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Sugar is the sweetener par excellence. Unfortunately, however, it represents a food that often causes problems for those who consume it. For example in diabetics or people who follow strict dietary regimens.

So what to do? Give up sweetening your coffee in the morning too?

The solution is to find valid alternatives, just as sweet but healthier. Therefore, the so-called strictly vegetable stevia has made its way into the pantry of many people. It does not raise blood sugar levels, contains no carbohydrates, has zero calories and is 100% natural. A few grams of stevia is enough to sweeten any drink or home-cooked dish. And today we really want to talk about stevia: what it is, what benefits it brings to the body and why it should be replaced with sugar. 

And then we will analyze together the delicate relationship between sweeteners and diabetics and how it can be more manageable by associating stevia and diabetes without incurring health repercussions.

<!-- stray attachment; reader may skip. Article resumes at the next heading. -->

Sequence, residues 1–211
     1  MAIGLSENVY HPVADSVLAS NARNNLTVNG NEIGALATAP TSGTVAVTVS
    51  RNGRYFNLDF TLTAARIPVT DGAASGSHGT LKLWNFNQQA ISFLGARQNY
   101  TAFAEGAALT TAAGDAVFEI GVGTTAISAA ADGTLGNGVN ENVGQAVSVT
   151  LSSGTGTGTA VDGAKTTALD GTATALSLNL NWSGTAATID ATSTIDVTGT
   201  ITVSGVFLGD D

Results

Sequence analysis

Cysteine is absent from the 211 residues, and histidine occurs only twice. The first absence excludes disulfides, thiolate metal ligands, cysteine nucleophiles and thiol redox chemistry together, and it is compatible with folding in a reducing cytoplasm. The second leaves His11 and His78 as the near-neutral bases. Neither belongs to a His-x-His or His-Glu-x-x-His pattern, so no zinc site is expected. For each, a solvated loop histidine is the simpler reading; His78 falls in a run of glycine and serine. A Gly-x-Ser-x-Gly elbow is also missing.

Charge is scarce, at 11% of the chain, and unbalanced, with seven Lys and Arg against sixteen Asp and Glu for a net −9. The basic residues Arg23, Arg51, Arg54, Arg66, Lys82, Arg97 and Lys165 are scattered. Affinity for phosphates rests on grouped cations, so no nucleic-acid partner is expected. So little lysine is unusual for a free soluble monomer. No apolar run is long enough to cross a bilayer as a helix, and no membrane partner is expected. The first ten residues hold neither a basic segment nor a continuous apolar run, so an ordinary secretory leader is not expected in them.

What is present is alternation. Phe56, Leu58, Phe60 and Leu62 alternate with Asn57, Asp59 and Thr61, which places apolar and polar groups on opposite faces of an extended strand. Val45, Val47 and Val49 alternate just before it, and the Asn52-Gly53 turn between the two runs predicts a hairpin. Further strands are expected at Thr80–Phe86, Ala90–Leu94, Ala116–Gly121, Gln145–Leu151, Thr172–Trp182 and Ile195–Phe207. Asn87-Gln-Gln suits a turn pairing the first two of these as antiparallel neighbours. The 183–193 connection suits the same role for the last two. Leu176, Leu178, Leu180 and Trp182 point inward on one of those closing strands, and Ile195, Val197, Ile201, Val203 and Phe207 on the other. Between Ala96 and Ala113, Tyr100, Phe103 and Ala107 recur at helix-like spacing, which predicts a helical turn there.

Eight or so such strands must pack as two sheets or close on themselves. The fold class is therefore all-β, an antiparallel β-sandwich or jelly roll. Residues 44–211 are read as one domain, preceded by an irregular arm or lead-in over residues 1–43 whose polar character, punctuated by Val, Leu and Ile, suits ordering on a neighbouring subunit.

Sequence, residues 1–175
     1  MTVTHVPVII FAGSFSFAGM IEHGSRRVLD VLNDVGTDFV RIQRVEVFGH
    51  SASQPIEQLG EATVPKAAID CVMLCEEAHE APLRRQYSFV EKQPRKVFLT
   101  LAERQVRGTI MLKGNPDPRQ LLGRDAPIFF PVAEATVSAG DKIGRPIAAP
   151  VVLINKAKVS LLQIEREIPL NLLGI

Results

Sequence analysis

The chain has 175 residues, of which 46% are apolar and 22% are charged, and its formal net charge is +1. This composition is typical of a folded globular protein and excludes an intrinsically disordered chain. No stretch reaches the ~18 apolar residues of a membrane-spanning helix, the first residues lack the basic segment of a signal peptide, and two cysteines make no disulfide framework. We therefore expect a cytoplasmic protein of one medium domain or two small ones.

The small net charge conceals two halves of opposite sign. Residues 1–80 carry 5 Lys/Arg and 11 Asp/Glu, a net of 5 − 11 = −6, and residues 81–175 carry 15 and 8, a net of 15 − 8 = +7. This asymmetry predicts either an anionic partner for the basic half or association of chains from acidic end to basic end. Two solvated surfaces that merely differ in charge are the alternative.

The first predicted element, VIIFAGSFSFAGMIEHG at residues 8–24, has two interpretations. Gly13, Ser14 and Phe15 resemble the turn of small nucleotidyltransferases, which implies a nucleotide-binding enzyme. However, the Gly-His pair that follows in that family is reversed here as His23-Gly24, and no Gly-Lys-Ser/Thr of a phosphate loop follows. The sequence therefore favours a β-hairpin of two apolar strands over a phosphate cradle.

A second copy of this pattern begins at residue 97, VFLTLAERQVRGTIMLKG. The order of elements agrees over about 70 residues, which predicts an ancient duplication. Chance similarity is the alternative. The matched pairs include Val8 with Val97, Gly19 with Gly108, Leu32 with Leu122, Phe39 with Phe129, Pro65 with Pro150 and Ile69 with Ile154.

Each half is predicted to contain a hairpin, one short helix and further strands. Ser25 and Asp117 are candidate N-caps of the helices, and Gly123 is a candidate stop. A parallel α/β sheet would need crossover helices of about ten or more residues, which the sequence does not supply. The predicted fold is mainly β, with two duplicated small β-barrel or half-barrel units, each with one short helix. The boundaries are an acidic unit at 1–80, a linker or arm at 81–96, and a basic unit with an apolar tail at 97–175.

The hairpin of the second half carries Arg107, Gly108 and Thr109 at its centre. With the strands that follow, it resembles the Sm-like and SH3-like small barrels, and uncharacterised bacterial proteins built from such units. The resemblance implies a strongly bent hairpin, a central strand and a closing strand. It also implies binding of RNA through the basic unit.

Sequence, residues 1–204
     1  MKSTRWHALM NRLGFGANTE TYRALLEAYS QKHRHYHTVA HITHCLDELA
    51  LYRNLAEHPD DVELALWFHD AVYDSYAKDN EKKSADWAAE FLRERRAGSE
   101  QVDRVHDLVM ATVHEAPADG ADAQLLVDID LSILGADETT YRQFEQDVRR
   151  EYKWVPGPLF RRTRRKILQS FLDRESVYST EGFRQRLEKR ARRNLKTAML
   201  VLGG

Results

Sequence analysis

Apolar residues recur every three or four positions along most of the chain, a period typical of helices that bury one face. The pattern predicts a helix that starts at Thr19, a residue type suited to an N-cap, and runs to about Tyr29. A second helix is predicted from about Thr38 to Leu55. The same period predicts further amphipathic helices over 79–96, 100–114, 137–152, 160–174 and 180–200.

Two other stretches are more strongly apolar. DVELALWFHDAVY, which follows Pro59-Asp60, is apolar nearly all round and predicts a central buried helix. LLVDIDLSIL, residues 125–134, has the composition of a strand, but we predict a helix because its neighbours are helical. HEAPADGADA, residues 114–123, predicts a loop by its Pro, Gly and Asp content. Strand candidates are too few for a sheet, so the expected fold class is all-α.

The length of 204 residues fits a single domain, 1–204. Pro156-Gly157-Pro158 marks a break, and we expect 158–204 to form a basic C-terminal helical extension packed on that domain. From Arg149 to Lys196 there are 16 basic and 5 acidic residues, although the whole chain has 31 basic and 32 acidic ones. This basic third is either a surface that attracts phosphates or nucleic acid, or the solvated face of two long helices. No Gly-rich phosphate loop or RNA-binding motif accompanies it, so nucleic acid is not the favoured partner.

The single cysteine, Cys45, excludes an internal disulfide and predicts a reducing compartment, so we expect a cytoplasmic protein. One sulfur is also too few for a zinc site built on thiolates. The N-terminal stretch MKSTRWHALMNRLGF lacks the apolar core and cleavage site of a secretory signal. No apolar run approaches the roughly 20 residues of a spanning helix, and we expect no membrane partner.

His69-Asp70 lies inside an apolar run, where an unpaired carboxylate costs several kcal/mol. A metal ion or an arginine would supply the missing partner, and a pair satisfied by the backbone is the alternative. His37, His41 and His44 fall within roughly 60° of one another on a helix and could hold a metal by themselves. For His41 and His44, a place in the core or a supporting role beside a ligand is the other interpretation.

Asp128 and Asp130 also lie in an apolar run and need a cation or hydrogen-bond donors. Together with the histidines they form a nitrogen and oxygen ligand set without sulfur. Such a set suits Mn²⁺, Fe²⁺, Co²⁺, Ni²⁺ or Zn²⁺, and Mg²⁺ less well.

What is stevia and why substitute it for sugar?

Stevia is born using the leaves of a particular plant that originates in South America and Brazil. It's called Stevia rebaudenia and the locals have always used it to sweeten their dishes. Inside its leaves it contains natural sweetening substances (steviol glycosides) which are extracted, processed and then used in the production of stevia in sachets that we know and buy at the supermarket.

Once its sweetening power and its beneficial effects on the human organism were known, it was easy for stevia to assume an important role in our tables and in particular in those of those who consider sugar an enemy for their health and must absolutely avoid it.